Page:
Sunday, January 16, 2011

Haiti a Year On

A year after the earthquake, Haitians are still in desperate straits: almost no rebuilding, a dreadful cholera epidemic that was not prepared for or anticipated in advance, a non-functional central government, a million residents still under tents and tarps, and more than 10,000 NGOs delivering "aid" -- but every one of them protecting their turf and their funding first and foremost.

What's happened in Haiti since the earthquake is a tragedy for the Haitians, and a shame for the world community that pledged so much assistance to rebuild.

What's happened is a descent into Modern Medievalism.

There is no central government in Haiti except in the abstract, much as was the case in Europe during the Dark Ages; one doesn't even know who the president might be, and it hardly matters given the fact that the "government" -- such as it is -- is essentially non-functional having suffered so many losses during the earthquake.

Consequently, a proliferation of NGOs are filling a vacuum of authority and power, but only partially, and only to the extent they are protecting their turf and their funding. They are doing as little as possible for and with the Haitian people, while they primarily look after their own interests and affairs in competition with all the other NGOs.

There is no coordination of effort, no common interest, no more than minimal "service" to the Haitian People. It is private interest every step of the way, and that is a huge reason why there is no progress at all. "Oh, but it could be so much worse without us!" cry the NGOs. Maybe, maybe not. But the Haitians are rightly fed up with the state of affairs they are subject to, and given some of the violent incidents in response to the cholera epidemic especially, they are on the verge of general insurrection.

This is pretty much what everyone's future will look like when government is reduced to an abstraction and competing private interests are left to their own devices. Each NGO becomes a kind of independent fief, struggling with all the others, using the People as pawns, providing them little or nothing, but always claiming that their efforts have kept things from getting worse.

Haiti should be a disturbing lesson for all of us, but strangely, the most obvious lessons are lost on most Americans.


lea-p adds links to a Film@11tv documentary "Where did the money go?" to help round out the picture. Four of five episodes are on line now, the fifth and final episode should be posted soon.


Episode One:

Episode Two:

Episode Three:

Episode Four:


  1. Che, have you seen this series, "Haiti: Where did the Money Go?"? Apparently it is a five part series. So far there are three episodes up on youtube, starting with this one:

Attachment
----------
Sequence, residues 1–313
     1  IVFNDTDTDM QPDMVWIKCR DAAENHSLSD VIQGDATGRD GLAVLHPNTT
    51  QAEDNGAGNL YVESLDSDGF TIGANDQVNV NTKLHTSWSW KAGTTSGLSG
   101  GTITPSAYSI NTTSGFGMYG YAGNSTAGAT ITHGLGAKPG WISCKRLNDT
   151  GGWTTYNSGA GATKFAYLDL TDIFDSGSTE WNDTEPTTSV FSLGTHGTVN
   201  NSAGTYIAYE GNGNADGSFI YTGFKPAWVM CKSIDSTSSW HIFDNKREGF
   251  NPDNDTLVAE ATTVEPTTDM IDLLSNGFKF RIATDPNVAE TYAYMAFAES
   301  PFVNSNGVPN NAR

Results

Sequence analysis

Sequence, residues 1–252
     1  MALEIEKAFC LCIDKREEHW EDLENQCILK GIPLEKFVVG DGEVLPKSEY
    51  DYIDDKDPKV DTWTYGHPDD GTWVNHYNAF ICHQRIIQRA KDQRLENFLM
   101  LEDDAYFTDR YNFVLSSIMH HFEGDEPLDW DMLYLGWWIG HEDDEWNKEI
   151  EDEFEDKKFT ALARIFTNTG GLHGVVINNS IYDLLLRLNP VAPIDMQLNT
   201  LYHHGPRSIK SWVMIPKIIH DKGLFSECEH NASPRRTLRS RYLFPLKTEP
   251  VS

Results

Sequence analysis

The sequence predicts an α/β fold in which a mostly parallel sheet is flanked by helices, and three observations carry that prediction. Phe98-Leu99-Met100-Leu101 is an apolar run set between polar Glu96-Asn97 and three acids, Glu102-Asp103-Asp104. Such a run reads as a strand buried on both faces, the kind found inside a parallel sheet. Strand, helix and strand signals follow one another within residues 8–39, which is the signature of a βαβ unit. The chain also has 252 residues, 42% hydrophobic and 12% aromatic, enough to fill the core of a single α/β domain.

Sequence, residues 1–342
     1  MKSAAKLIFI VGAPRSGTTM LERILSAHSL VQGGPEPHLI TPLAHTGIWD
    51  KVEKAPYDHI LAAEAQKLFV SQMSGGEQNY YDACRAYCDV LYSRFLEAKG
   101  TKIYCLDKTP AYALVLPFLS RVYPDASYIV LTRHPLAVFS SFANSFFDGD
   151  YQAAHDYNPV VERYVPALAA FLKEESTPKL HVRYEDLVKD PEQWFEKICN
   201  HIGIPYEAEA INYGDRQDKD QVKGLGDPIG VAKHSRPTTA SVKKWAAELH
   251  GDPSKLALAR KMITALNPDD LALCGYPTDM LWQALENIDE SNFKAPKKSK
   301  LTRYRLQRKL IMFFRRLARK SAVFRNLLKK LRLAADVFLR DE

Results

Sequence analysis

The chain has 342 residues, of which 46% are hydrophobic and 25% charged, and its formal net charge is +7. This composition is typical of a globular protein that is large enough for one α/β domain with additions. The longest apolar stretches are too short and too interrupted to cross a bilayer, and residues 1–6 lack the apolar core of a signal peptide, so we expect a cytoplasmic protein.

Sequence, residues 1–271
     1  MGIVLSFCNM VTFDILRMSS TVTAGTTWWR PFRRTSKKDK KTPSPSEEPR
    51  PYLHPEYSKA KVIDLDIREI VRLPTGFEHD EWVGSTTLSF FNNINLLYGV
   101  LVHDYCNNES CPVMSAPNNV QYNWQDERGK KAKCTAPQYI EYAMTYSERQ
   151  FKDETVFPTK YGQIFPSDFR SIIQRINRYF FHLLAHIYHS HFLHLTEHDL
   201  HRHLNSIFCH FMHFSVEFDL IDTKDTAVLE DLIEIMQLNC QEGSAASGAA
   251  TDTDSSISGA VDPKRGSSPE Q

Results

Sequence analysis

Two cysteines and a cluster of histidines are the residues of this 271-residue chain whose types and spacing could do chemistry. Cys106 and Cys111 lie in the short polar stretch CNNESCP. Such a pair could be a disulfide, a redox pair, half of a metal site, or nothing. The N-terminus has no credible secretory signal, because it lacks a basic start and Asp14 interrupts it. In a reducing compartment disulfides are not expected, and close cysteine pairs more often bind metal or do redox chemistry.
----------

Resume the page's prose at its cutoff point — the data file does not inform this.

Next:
It is sure to piss you off. Pissed me off. This world is so fucking dysfunctional.

  2. Infuriating. Even these episodes don't get into how bad things really are, but if people see them, they'll begin to understand why Haitians are still suffering so much.

    This is a situation that actually calls for benign tyranny. Unfortunately, it's all about keeping the NGOs fat and happy, not about getting Haiti and Haitians out of this mess.


    I've put links to all the episodes I could find in the post. Thanks for passing them on to me.

  3. Ah, I hadn't noticed part 4 this morning. Yeah, it is all about the damned NGOs. That's really what this series is about, but without going into much depth. <37,000-and-counting NGOs world-wide...amazing. Hey, it's business! The horrid conditions of the poor people who actually live in Haiti is not probed much here, but it does give one a flavor of the place. Too bad the documentary isn't in Smellovision™®©. The contrasts of the "camps" with sparkly SUVs and clean well-fed white people is depressing. I never gave a dime to that catastrophe, figuring I'd wait a few months to when the main flood of monies was drying up. But by then, it seemed like a waste of money to send anything. And I couldn't figure out which group was actually doing something. Guess my instincts were right, unfortunately for the people in Haiti. But I still had Katrina in my mind-bank. Another unending cluster fuck with suffering people.

  4. Katrina is the type model "exercise" -- as Darth Cheney called it -- for doing nothing, or rather absolutely as little as possible, at the absolute highest possible costs.

    It's spreading, what with the snow removal failure in the Northeast -- not just NYC -- and all sorts of other examples.

    The New Normal.

    As for sending money, it is almost impossible to know who to send it to to actually do any good for the Haitians. The best I've been able to figure it out -- as I am too ignorant to be sure -- is to go directly through Haitian and Haitian American agencies.

    This interview with several Haitian Americans makes eminent sense.

    Then of course Baby Doc is back, no doubt to get his cut of the loot. Where is Aristide? Still in exile in S. Africa, barred from returning.

    Things are liable to get much worse.